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J Nucl Med. 2004 Dec;45(12):2032-9.

Biodistribution and blood metabolism of 1-11C-methyl-4-piperidinyl n-butyrate in humans: an imaging agent for in vivo assessment of butyrylcholinesterase activity with PET.

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  • 1Turku PET Centre, Turku University Hospital, FI-20521 Turku, Finland.


1-(11)C-Methyl-4-piperidinyl n-butyrate ((11)C-MP4B) is a new radiopharmaceutical for the in vivo assessment of butyrylcholinesterase (BuChE) activity using PET. To quantify in vivo activity of BuChE with a kinetic model, investigators must determine the time course of radioactivity associated with unchanged (11)C-MP4B. We aimed at clarifying the metabolic fate and whole-body distribution of intravenously administered (11)C-MP4B in man.


High-performance liquid chromatography and thin-layer chromatography assays were performed to determine the amounts of intact (11)C-MP4B and its radioactive hydrolysis product in blood withdrawn during PET. In addition, we evaluated the distribution and kinetics of (11)C-MP4B uptake in human brain and main organs.


The analysis of plasma samples of 28 human subjects (10 patients with Alzheimer's disease [AD] and 18 healthy controls) showed that the level of unmetabolized (11)C-MP4B decreases rapidly from 28% +/- 14% (mean +/- SD) at 0.5 min to 7% +/- 6% at 15 min after injection. Large individual variation was observed in the rate of plasma (11)C-MP4B hydrolysis, but no significant differences were found in the degradation of (11)C-MP4B either between male and female or between healthy subjects and patients. The whole-body distribution of (11)C-MP4B showed the highest activities in the urinary bladder, renal pelvis, stomach, salivary glands, liver, kidneys, spleen, vertebral column, and brain. In patients with AD, (11)C-MP4B activity in the brain was highest in cerebellum, followed by striatum, pons, and thalamus. Lower (11)C-MP4B activity was seen in cortical areas.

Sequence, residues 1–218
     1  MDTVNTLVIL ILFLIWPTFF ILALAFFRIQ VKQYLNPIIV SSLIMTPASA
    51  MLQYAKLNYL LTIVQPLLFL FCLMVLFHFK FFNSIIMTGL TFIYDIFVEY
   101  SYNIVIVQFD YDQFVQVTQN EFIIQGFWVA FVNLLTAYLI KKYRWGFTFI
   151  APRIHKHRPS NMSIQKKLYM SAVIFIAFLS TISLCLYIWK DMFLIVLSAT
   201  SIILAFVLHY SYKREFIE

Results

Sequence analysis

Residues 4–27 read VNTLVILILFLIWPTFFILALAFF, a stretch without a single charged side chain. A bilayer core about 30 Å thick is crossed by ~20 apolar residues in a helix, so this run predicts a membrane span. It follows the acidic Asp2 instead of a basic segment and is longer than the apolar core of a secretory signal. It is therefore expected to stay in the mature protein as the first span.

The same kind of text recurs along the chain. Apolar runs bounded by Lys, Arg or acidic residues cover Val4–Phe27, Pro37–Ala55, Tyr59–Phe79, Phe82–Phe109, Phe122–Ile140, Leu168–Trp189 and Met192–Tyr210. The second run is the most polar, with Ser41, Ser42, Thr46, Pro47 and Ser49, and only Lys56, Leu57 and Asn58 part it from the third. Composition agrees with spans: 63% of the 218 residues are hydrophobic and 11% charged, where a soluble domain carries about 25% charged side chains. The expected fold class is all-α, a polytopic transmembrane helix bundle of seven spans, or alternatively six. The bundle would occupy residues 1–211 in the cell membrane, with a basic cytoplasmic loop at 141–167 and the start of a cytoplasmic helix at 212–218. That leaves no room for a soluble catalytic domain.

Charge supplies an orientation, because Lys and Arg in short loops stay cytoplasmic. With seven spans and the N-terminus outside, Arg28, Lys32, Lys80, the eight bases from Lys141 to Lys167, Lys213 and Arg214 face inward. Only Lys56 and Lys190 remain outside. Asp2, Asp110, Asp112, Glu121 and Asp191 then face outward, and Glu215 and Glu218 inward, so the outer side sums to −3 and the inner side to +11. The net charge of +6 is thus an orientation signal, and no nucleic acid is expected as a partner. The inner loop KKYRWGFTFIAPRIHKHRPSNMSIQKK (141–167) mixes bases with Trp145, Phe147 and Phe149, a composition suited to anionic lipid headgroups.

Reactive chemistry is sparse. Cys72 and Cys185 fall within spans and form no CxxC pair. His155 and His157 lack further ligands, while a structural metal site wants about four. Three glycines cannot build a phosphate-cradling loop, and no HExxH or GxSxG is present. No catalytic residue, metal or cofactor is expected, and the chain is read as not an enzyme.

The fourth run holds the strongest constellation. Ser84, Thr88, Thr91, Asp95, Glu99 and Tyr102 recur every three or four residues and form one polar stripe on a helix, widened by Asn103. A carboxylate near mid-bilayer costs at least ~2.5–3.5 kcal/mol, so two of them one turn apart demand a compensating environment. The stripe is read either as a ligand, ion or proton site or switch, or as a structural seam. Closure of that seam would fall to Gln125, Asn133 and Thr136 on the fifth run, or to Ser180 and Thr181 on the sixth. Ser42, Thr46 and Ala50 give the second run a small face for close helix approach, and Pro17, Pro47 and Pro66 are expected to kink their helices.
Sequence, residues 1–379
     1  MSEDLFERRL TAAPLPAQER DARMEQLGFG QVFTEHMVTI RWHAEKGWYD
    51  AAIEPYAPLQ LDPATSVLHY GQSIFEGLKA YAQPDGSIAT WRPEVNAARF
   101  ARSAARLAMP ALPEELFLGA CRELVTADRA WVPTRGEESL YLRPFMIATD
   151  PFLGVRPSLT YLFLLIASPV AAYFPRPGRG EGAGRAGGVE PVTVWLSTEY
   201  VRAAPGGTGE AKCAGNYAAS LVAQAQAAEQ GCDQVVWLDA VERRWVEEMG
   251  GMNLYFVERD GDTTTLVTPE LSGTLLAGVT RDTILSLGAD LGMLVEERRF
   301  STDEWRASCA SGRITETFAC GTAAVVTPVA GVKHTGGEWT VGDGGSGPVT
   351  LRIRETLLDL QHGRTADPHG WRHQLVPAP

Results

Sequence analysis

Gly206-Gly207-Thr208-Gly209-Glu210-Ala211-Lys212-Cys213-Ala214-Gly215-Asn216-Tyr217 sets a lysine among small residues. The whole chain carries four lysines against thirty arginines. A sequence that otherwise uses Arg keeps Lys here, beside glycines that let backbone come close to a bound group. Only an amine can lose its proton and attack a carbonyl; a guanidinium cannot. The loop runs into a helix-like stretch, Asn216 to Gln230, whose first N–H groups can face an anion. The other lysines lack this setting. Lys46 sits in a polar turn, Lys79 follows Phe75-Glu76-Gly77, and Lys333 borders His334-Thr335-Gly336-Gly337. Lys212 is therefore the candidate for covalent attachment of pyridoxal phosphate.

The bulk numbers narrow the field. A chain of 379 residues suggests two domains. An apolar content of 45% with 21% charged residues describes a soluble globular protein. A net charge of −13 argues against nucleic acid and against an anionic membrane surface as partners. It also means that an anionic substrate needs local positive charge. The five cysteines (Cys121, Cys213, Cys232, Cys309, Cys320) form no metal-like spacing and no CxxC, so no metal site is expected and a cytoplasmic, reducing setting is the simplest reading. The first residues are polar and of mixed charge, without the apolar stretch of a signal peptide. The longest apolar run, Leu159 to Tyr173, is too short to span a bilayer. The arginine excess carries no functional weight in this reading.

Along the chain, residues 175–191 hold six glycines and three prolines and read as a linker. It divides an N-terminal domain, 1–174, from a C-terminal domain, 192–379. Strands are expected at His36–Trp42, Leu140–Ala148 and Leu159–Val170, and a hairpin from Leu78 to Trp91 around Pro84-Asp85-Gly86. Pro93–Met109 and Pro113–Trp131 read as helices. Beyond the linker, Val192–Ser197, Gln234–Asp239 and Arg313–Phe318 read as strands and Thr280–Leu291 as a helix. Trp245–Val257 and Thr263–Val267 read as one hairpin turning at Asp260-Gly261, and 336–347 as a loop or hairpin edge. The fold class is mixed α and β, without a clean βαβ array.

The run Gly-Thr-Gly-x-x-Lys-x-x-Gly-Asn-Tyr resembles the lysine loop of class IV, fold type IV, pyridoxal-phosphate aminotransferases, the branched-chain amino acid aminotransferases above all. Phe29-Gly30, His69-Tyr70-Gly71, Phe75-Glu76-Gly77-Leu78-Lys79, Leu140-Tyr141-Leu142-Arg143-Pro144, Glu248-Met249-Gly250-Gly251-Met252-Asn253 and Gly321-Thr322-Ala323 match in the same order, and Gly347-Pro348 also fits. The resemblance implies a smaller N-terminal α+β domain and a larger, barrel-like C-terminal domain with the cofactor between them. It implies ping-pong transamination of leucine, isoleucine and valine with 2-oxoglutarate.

Our results indicate that (11)C-MP4B is excreted rapidly through the renal system. Careful analysis of plasma metabolites is required to determine the accurate arterial input function for quantitative PET measurement. Biodistribution of (11)C-MP4B in the brains of patients with AD appears to be in accordance with the distribution of BuChE seen in postmortem studies of human brain, except for the observed higher activity in striatum than in cortex. Further studies of the cerebral distribution and regional kinetic analysis of (11)C-MP4B are in progress.

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